May 13, 2015- Salvador, Bahia, Brazil
Boa noite, readers! Meu nom Roman! At the time of this post, it is late at night and I am retiring from today’s adventures full of new sites and experiences. I am so happy. Today has been a truly transforming experience visiting Pelourinho because so much of Africa’s history is literally in the landscape. (The picture that you see below is one of myself in Pelourinho.)
It is a historical fact that Africans built the golden Catholic churches which line the streets of Salvador. Jorge Amado, one of Salvador’s most famous members and a prominent writer, once wrote of Salvador’s breathtaking beauty. But Salvador’s beauty is not something one can capture in a book: it is truly transcendent of time and space. The city’s people are multiracial and mostly the descendants of those who performed slave labor here harvesting tobacco, sugarcane, and cotton. Most of the crops were introduced here by the Europeans were harvested as commercial goods. Although Brazil is multiracial, Salvador has a distinctly black, or African, essence.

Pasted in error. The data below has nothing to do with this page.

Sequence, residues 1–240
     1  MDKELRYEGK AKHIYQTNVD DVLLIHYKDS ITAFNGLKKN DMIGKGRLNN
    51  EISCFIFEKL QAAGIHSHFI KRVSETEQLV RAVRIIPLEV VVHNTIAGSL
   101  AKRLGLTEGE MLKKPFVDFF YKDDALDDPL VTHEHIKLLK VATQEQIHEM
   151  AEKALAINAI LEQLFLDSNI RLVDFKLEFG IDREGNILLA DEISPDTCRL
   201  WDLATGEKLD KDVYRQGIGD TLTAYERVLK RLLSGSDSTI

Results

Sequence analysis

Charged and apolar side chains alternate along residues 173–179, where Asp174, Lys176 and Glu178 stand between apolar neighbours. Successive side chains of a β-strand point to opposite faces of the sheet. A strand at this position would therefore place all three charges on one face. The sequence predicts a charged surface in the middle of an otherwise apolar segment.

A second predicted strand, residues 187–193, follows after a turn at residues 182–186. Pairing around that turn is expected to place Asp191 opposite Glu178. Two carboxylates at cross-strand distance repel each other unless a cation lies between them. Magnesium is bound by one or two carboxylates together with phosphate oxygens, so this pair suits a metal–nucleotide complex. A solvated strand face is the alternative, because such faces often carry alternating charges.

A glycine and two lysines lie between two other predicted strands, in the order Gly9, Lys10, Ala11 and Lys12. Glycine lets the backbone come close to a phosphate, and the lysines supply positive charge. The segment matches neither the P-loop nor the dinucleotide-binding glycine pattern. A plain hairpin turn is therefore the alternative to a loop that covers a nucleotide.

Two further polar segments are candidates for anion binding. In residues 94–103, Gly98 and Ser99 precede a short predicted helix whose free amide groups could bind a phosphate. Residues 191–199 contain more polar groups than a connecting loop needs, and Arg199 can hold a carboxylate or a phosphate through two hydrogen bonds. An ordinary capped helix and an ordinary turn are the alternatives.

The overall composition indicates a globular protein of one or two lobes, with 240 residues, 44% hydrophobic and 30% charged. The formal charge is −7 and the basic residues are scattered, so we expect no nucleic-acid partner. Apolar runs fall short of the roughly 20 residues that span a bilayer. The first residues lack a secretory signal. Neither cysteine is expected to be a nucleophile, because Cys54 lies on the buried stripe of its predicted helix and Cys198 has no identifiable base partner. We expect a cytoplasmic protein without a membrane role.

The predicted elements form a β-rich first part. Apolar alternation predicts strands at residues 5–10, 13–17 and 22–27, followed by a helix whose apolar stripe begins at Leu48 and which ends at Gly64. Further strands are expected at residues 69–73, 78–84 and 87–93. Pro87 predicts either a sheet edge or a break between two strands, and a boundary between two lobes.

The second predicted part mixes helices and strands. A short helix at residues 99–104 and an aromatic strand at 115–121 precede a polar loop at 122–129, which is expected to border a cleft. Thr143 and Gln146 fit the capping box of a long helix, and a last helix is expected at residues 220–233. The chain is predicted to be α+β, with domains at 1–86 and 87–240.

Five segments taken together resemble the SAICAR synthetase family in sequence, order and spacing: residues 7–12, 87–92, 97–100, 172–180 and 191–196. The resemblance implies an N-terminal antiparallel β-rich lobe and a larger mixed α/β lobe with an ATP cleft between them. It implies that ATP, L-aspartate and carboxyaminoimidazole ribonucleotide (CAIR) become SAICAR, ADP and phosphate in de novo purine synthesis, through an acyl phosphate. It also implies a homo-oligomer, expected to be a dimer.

Blackness is found in the way the men strut with a handsome gait and in how Afro-Brazilian women model their afros with such beautiful grace and style. The people are gorgeous!
Brazil–the city of Salvador in particular– is black in the respect that is connected to traditional African spiritual practices. Candomble is closely connected to the Ifa Vodun tradition of Nigeria, Benin, and Togo. This religion’s deities came from the religion Ifa and include Ochala (Obatala), Oxum (Oxum), Chango (Shango), and Oxosi (Ochosi). Today, I was re-introduced to this information by our tour guide for the Pelhourinho visit, Fred. Spirituality is a celebrated thing here!
I am happy to have so many adopted family members now. My brother Nito returned home today. One of my brothers, Igor, (who is actually a leasee of my host mother), is also pictured below on the right with myself.
I’m having a blast every day!